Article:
Structural Channelling of Metamorphic Fluids on Islay, Scotland: Implications for Paleoclimatic Reconstruction
Number of Authors: 5
2015 (English)In: Journal of Petrology, ISSN 0022-3530, E-ISSN 1460-2415, Vol. 56, no 11, 2145-2171 p.Article in journal (Refereed) Published
Analysis of the delta O-18 and delta C-13 values of carbonate rocks from Islay, Scotland reveals structural channelling of metamorphic fluids through the axial region of a major en echelon anticlinal fold system. Metamorphic fluid flow produced axial planar veins with higher vein density in the axial region of the fold. Fluid: rock ratios were more than 30: 1 within this axial region, at least four times greater than the regional mean ratio of 7.6 +/- 1.5:1 for carbonate rocks on Islay. This supports the interpretation that metamorphic fluids were channelled through the axial region of the Islay Anticline. Fluid: rock ratios were calculated using a model for coupled delta O-18 and delta C-13 exchange with a metamorphic fluid. The metamorphic fluid was calculated to have delta O-18 and delta C-13 values of 15.3 parts per thousand and -6.1 parts per thousand, respectively and X-CO2 of 0.2. This is in isotopic and chemical equilibrium with chlorite- and graphite-bearing metamudstones that are structurally below the folded metacarbonate rocks on Islay. Devolatilization of these metamudstones is therefore a likely source mechanism for this metamorphic fluid. Removal of the effects of metamorphic fluid flow on delta C-13 values recorded by metacarbonate rocks on Islay allows us to re-evaluate evidence used to reconstruct Neoproterozoic climate. This evidence includes a large negative delta C-13 excursion reported from the Lossit Limestone Formation. This unit underlies the Port Askaig Formation, which is dominated by diamictites that have been interpreted as glacial tillites. This 'Islay anomaly' has been correlated with other such anomalies worldwide and together with overlying tillites has been cited as evidence of major (worldwide) glaciation events. In this study, we show that the magnitude of this negative delta C-13 anomaly can partly be explained by exchange with metamorphic fluids. However, we also show that extremely negative delta C-13 values in the Bonahaven Dolomite Formation, which overlies the Port Askaig Formation and has been interpreted as a 'cap carbonate', cannot be attributed to metamorphic fluid flow.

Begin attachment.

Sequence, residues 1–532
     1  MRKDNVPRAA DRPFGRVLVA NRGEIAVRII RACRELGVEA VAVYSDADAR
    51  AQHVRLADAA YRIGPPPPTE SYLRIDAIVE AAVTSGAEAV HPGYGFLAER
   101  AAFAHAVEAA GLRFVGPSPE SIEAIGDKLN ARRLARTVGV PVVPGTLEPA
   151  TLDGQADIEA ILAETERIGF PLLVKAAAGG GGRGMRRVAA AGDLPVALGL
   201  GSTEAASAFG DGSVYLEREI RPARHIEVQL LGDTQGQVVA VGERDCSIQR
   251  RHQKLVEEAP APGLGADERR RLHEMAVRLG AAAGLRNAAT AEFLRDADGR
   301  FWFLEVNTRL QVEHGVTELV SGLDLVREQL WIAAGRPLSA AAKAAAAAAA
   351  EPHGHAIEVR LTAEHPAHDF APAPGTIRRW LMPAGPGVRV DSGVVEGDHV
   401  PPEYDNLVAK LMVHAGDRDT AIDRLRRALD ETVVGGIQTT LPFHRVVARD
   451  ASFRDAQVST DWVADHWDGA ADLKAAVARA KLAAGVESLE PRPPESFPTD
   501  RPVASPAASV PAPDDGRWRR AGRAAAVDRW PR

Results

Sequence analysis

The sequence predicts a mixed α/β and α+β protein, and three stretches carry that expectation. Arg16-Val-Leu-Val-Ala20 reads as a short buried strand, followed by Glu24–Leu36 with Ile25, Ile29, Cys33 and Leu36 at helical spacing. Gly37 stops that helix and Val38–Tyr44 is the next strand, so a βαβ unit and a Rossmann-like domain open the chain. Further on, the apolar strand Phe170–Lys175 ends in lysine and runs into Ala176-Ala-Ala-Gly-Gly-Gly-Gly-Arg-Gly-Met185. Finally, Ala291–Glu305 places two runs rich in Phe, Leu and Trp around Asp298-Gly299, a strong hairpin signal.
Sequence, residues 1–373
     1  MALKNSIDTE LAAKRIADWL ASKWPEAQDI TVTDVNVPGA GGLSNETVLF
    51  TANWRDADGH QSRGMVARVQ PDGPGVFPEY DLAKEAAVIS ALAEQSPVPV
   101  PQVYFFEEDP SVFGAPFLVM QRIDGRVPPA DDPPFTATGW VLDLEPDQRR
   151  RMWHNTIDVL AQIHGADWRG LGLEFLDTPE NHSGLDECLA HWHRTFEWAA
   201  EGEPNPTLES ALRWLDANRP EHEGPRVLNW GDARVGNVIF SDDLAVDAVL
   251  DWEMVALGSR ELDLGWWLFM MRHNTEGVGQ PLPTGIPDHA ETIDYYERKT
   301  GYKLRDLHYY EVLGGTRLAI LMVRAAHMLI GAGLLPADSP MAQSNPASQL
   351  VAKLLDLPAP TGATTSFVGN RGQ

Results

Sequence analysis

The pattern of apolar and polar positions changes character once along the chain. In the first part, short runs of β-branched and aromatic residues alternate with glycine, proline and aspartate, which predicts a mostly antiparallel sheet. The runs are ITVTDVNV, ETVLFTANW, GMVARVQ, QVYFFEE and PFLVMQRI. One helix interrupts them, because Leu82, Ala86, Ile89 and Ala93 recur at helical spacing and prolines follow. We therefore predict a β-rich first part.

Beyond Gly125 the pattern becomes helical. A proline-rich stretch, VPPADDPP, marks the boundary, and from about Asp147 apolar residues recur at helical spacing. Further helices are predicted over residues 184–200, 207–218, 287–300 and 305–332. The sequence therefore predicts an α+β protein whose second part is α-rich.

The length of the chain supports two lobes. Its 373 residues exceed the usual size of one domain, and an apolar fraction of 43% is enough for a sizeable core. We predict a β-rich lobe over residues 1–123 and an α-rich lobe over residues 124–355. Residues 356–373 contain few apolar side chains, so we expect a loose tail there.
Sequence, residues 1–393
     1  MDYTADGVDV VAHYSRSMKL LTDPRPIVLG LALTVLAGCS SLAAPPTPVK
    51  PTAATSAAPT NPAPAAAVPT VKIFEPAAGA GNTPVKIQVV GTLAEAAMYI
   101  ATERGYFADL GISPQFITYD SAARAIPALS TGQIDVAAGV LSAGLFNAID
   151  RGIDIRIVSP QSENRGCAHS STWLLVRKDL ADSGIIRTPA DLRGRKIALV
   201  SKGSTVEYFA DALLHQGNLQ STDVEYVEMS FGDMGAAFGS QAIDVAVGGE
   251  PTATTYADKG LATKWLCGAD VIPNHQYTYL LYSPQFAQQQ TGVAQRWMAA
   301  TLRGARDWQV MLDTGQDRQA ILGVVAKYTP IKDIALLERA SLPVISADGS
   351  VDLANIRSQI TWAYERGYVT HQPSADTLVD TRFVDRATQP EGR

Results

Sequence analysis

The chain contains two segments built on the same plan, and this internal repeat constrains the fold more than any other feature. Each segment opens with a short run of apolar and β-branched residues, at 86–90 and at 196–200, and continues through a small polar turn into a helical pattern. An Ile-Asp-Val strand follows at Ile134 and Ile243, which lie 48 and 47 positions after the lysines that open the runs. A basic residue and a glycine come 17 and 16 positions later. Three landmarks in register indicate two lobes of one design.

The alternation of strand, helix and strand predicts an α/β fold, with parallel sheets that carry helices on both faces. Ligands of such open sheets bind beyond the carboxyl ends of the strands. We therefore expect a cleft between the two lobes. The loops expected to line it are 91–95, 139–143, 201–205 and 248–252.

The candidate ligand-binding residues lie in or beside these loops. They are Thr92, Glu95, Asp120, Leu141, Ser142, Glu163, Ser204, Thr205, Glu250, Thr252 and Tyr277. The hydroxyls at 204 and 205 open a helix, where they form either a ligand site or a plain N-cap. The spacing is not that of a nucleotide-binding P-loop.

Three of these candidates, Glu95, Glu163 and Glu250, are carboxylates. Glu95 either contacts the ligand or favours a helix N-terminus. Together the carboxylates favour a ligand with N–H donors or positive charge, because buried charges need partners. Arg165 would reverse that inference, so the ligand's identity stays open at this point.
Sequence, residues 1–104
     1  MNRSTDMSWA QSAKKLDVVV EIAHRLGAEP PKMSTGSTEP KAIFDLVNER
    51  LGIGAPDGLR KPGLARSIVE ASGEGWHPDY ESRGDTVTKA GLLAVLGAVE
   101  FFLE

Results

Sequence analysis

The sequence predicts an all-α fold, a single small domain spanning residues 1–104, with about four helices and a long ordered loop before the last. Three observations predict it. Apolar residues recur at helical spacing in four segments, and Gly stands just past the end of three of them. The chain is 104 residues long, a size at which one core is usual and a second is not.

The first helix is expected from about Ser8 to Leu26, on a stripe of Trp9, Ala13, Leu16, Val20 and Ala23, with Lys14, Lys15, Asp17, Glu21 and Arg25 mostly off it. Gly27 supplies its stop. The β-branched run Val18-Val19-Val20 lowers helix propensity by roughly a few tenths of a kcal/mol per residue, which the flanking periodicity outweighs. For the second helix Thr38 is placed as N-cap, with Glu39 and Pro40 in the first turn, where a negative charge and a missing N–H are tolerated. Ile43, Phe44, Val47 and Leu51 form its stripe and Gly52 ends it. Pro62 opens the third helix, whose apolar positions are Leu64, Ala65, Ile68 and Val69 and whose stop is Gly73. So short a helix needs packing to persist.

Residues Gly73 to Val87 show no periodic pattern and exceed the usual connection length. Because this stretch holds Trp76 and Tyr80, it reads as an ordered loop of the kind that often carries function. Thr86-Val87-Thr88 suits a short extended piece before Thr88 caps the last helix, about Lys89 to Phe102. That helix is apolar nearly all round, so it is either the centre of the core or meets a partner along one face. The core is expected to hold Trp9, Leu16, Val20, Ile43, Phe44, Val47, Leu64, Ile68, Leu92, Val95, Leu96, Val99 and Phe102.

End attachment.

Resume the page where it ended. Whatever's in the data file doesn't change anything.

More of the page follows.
Place, publisher, year, edition, pages
2015. Vol. 56, no 11, 2145-2171 p.
metamorphic fluids, fluid:rock ratios, structural channelling, veins, oxygen and carbon isotopes, Neoproterozoic glaciation
Earth and Related Environmental Sciences
IdentifiersURN: urn:nbn:se:su:diva-126856DOI: 10.1093/petrology/egv067ISI: 000368432300003OAI: oai:DiVA.org:su-126856DiVA: diva2:906323